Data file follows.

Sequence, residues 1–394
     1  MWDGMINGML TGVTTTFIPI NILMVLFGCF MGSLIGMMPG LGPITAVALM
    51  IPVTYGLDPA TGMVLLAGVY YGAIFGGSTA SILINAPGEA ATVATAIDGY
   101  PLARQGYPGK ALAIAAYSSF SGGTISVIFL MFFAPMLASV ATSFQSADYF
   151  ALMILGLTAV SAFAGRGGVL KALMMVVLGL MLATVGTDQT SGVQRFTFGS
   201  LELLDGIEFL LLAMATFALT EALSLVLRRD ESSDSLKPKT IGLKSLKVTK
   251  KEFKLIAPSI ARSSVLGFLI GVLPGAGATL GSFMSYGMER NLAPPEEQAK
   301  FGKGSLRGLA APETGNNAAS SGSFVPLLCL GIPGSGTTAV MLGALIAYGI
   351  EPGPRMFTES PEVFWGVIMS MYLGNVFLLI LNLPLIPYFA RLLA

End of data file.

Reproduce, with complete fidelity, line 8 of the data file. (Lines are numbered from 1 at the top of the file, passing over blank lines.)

   301  FGKGSLRGLA APETGNNAAS SGSFVPLLCL GIPGSGTTAV MLGALIAYGI